Is this an example of the Coriolis effect?
Does Coriolis determine which direction water in a toilet will swirl? Unfortunately, no. Friction and the power of the flush have too big an influence. But in the atmosphere and oceans, Coriolis affects flow direction.
The Coriolis effect is not a force, even though that's what it is sometimes called. Coriolis does not force anything to happen! Coriolis is an effect. What does that mean?
The Coriolis effect describes how Earth’s rotation steers winds and surface ocean currents. Unlike land, air and water move freely (in the absence of obstacles). The Coriolis effect causes the path of a freely moving object to appear to curve. This is because Earth is rotating beneath the object. So even though the object's path is straight, it appears to curve. The curve appears to be to the right in the Northern Hemisphere. It appears to be to the left in the Southern Hemisphere.
Here is an example in the Northern Hemisphere. A plane takes off from City A . The pilot wants to land in City B, which is 500 miles due north. But the plane will not arrive there without corrections. City B was due north of City A when the plane took off. But during the time it takes for the airplane to fly 500 miles, City B moves east. This happens because of Earth's rotation. So if the airplane flies due north, it will arrive at a different city, City C. City C is west of City B (in the Northern Hemisphere). To reach City B, the pilot should curve right while flying north. The opposite happens in the Southern Hemisphere. In the flights between cities pictured below (Figure below), the flight paths look curved. Since a flight path must curve to the right in the Northern Hemisphere, can you tell which city the plane took off from in each case?
The Coriolis effect is the reason that airplanes' flight paths look curved, even though they are the shortest possible path. Although these flight paths show curves, what's wrong with this picture? (The curves do not all follow the path due to Coriolis.)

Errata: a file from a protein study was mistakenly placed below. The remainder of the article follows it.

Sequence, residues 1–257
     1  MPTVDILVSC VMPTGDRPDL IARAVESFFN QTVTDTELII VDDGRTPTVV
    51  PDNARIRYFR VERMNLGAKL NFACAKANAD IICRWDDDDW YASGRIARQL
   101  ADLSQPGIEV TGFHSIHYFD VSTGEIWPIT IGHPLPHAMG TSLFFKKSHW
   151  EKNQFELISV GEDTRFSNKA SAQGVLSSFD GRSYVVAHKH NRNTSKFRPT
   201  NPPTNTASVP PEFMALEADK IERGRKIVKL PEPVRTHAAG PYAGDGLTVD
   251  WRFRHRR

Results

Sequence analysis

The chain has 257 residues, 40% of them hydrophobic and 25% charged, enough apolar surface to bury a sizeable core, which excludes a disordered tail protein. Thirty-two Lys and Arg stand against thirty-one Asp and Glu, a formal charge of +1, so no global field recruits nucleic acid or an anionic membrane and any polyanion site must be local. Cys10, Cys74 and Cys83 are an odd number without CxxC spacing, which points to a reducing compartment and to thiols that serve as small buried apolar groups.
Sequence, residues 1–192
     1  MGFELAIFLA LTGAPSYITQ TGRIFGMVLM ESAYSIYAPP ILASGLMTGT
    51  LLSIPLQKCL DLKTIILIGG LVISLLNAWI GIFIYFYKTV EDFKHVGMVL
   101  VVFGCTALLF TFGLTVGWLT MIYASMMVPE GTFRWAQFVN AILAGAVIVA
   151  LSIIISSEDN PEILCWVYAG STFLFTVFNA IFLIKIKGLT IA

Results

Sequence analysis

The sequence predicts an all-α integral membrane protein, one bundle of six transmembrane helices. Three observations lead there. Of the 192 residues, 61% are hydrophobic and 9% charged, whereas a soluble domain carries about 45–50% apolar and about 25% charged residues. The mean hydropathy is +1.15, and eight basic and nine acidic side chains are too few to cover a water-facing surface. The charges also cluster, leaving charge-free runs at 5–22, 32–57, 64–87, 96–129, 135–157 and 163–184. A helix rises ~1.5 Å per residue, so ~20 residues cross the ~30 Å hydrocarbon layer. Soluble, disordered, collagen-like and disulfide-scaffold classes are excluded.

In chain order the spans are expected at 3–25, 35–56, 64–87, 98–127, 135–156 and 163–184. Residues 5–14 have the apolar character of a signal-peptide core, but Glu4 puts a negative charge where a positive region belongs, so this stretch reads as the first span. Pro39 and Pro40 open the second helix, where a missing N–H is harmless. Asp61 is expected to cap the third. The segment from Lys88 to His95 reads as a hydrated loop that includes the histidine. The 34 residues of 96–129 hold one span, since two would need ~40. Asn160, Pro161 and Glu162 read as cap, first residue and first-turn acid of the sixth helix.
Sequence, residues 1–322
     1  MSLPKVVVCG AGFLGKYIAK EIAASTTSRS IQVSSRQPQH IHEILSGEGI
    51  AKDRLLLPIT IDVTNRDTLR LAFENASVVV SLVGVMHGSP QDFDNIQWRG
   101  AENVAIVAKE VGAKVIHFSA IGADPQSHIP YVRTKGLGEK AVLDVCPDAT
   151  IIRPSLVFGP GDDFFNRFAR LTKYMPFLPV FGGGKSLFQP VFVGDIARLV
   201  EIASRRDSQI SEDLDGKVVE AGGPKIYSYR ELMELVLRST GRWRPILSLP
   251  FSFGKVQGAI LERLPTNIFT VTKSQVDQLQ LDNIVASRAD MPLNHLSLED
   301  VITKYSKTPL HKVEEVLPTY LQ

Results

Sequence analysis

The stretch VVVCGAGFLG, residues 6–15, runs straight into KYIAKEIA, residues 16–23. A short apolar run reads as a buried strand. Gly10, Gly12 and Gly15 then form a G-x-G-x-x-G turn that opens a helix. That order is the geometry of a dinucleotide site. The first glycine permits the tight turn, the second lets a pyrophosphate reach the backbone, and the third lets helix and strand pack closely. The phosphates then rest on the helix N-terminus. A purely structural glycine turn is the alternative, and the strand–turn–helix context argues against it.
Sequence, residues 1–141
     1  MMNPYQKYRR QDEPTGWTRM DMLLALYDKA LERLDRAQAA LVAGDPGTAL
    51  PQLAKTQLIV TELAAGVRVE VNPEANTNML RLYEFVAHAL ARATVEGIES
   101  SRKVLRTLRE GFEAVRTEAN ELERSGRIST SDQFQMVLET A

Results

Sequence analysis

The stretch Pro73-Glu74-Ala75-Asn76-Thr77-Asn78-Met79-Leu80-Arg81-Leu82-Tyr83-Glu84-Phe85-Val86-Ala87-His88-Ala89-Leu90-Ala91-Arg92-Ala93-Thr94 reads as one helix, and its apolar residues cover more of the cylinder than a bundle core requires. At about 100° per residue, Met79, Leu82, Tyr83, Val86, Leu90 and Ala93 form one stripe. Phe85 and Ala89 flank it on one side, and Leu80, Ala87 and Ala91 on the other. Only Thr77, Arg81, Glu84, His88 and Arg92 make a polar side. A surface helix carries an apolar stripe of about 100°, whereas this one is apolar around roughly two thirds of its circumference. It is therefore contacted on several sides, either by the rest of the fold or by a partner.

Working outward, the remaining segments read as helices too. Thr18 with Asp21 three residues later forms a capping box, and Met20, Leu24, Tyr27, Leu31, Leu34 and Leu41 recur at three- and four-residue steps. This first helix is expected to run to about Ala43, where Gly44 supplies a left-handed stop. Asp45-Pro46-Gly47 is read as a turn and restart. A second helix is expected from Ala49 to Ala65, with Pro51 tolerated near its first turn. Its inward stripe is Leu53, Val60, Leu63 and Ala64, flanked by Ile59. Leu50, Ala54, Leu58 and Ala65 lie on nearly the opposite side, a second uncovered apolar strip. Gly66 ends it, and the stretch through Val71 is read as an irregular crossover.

Effect for Air or Water
As wind or an ocean current moves, the Earth spins underneath it. Wind or water that travels toward the poles from the Equator curves to the east. Wind or water that travels toward the Equator from the poles curves to the west. The Coriolis effect bends the direction of surface currents to the right in the Northern Hemisphere. The currents curve left in the Southern Hemisphere (Figure below).
The Coriolis effect causes winds and currents to form circular patterns. The direction that they spin depends on the hemisphere that they are in.
- Earth rotates beneath freely moving objects like water and air. Compared with a spot on the planet, the objects appear to be moving.
- Freely moving objects appear to move right in the Northern Hemisphere. They appear to move left in the Southern Hemisphere.
- Coriolis is an effect rather than a force. Coriolis does not force a motion. An object appears to have a change of motion due to the Coriolis effect.
- What is the Coriolis effect?
- How does the Coriolis effect explain the curved flight paths in the image above (Figure above)?
- How does Coriolis affect wind and water?
Use these resources to answer the questions that follow.
- What is the Coriolis effect?
- What is subject to the Coriolis effect?
- What is the direction of deflection in the Northern Hemisphere?
- What is the direction of deflection in the Southern Hemisphere?